Determinants of Mode and Route Change Following the Opening of a New Cycleway in Sydney, Australia

The impact of new bicycle infrastructure is under-studied, particularly in cities with under-developed bicycle networks. This paper assesses the factors associated with people taking up bicycling, and changing their usual bicycle route, following the opening of a new cycleway separated from traffic in inner-city Sydney, Australia. In this study, 783 people using the cycleway were intercepted and surveyed at two sites. Linear regression was used to identify factors predicting the extent to which respondents had diverted from the shortest route to use the cycleway. Logistic regression was used to identify factors associated with respondents who had changed transport mode or bicycle route since the cycleway opened. The models included observed gender and age, trip purpose, attire, length of time riding regularly, and intercept location. Results The average distance respondents had diverted to use the cycleway was estimated to be 351 m, with commuters diverting by 252 m on average, and non-commuters by 551 m on average. The 40% of respondents who had switched mode to bicycle were most likely to: have been riding regularly for two years or less (adjusted odds ratio (AOR) 8.14, 95% confidence interval (CI) 5.60–11.84); appear over 29 years of age (AOR 1.50, 95% CI 1.02–2.23); and, in the case of commuters, be female (AOR 1.68, 95% CI 1.05–2.68). Government agencies that want to give non-regular riders and more women the option to travel by bicycle should consider building separated cycleways. People will take a longer route to use separated cycleways, but to a lesser extent if they are commuting to work or study. Cycleway routes intended for commuting purposes should be as direct as possible.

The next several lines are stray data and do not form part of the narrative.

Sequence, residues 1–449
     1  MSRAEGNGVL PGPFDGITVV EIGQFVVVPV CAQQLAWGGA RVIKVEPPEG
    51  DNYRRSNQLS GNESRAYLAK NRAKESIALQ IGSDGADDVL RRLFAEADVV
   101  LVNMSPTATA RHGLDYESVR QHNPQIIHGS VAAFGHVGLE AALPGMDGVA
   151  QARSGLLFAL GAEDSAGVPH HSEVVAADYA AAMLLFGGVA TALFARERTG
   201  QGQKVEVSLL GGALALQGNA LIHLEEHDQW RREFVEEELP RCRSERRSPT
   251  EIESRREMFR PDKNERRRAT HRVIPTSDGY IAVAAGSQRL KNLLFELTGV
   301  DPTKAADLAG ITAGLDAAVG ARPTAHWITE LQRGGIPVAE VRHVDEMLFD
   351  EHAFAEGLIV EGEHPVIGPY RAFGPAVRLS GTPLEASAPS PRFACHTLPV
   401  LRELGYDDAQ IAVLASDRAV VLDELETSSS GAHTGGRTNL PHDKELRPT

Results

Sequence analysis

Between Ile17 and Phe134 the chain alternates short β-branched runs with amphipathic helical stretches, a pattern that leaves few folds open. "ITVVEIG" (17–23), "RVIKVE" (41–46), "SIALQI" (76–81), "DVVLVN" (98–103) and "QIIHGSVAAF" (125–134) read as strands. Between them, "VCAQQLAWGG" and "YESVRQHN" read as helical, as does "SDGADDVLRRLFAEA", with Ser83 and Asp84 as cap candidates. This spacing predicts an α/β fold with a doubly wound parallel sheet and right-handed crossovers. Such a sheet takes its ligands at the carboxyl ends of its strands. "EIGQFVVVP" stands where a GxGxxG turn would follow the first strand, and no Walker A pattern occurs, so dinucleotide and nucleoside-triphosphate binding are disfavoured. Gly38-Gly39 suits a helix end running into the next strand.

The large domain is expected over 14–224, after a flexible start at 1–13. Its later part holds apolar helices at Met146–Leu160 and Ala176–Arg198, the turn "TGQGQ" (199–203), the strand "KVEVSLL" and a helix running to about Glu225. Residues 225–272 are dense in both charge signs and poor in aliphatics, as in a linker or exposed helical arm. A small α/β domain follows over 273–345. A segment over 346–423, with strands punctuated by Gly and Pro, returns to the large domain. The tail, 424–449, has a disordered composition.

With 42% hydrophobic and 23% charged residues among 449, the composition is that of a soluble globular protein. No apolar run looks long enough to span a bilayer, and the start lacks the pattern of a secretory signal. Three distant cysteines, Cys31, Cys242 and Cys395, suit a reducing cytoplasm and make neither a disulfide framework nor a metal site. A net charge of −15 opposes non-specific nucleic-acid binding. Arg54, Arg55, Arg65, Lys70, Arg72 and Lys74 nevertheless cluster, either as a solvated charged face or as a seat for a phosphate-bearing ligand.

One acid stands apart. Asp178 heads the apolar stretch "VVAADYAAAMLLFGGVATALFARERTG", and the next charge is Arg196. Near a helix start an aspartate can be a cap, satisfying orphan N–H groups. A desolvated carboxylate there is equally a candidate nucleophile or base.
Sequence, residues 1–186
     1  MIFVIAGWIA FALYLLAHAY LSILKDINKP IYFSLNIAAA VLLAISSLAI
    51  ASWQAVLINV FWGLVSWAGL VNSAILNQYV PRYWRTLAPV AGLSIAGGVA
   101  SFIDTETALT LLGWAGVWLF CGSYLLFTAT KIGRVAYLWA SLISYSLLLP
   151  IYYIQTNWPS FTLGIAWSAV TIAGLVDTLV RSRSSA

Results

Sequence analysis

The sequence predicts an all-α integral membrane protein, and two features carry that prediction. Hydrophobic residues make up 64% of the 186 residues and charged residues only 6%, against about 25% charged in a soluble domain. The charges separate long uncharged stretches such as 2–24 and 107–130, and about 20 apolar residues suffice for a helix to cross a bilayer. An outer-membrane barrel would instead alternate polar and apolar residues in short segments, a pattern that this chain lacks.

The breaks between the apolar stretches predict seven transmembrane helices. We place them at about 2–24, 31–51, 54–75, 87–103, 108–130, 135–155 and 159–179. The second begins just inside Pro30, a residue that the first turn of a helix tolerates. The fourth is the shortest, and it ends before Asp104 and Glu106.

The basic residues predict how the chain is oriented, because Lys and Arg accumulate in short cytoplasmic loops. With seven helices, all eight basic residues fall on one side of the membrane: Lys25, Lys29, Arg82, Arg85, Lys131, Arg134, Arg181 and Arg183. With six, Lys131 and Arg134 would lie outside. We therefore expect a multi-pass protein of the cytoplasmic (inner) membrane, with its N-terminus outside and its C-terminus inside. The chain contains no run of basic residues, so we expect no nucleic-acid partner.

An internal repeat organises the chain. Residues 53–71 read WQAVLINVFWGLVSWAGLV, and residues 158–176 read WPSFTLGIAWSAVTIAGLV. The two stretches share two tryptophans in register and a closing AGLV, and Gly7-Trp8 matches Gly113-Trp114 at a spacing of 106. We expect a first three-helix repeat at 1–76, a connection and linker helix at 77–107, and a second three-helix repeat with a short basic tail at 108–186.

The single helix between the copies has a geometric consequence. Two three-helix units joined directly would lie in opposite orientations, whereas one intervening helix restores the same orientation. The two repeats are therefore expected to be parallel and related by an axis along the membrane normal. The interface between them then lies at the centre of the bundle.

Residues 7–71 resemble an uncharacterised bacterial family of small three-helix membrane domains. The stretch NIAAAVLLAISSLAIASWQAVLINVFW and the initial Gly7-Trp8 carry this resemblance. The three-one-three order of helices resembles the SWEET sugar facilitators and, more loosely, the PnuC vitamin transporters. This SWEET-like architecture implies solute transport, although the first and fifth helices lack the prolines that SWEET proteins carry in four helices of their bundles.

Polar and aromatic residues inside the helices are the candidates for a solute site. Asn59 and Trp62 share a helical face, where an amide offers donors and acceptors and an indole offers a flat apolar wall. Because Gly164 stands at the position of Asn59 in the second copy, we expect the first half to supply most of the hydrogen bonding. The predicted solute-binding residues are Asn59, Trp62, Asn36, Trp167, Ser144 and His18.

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  • Accession Number: 01638183
  • Record Type: Publication
  • Files: TRIS
  • Created Date: Jun 20 2017 9:07AM